Kill Bill, The Dead Zone, Good Bye Lenin are all movies about people who awoke from a coma and things in their life changed.
In the film Good Bye Lenin, which is set in the East Berlin of 1989 . Alexander Kerner’s mother, Christiane, an ardent supporter of the Socialist Unity Party of Germany, suffers a heart attack when she sees Alex being arrested in an anti-government demonstration and falls into a coma shortly before the fall of the Berlin Wall. After almost a year she awakes, but is severely weakened both physically and mentally, and doctors say that any shock may cause another, possibly fatal, attack. Alex realises that her discovery of recent events would be too much for her to bear, and so sets out to maintain the illusion that things are as normal in the German Democratic Republic. To this end, he and his family revert the flat to its previous drab decor, dress in their old clothes, and feed the bed-ridden Christiane new, Western produce from old labeled jars. For a time the deception works, but gradually becomes increasingly complicated and elaborate. Despite everything, Christiane occasionally witnesses strange occurrences, such as a gigantic Coca-Cola advertisement banner unfurling on a building outside the apartment. Alexander and a friend with film-making ambitions edit old tapes of news broadcasts and create their own fake special reports to explain them away. It really is a cute and well done film – rent it on Netflix.
In real life railway worker Jan Grzebski, 65, fell into a coma after he was hit by a train in 1988. The Polish man has woken up from a coma after 19 years to find the Communist party no longer in power and food no longer rationed.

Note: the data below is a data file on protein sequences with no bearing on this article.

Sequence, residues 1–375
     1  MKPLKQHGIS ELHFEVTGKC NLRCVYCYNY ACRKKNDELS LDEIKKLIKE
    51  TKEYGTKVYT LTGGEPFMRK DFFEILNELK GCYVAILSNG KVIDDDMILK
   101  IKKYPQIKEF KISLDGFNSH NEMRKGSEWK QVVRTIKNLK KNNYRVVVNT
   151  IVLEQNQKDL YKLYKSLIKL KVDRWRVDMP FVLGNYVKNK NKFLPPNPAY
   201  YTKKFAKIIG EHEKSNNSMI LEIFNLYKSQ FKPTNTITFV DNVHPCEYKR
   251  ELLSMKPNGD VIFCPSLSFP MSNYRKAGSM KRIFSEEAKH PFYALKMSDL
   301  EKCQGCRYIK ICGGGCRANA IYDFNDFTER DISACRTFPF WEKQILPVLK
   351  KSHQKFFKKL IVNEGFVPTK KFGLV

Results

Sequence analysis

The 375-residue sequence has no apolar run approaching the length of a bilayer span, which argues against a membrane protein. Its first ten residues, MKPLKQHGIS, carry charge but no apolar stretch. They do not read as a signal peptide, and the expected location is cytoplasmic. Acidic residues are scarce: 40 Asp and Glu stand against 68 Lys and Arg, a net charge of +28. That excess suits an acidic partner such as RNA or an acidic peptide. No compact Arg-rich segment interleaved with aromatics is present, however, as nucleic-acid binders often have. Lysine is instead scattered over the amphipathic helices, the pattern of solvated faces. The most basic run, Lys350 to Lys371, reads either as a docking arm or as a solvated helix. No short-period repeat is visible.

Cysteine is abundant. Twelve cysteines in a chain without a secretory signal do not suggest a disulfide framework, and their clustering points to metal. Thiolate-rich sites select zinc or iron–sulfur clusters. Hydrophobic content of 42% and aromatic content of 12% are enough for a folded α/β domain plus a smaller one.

When Grzebski had his accident Poland was still ruled by its last communist leader, Wojciech Jaruzelski.
“When I went into a coma there was only tea and vinegar in the shops, meat was rationed and huge petrol queues were everywhere,” Mr Grzebski said. “Now I see people on the streets with mobile phones and there are so many goods in the shops it makes my head spin,” he told Polish television.
He credits his survival to his wife, Gertruda. Doctors gave him only two or three years to live after the accident. Mrs Grzebski is reported to have moved her husband every hour to prevent bed sores.
“It was Gertruda that saved me, and I’ll never forget it,” he said
“I cried a lot, and I prayed a lot,” Mrs Grzebski said on Polsat television. “Those who came to see us kept asking: ‘When is he going to die?’ But he’s not dead.”
He missed his Final Taxi.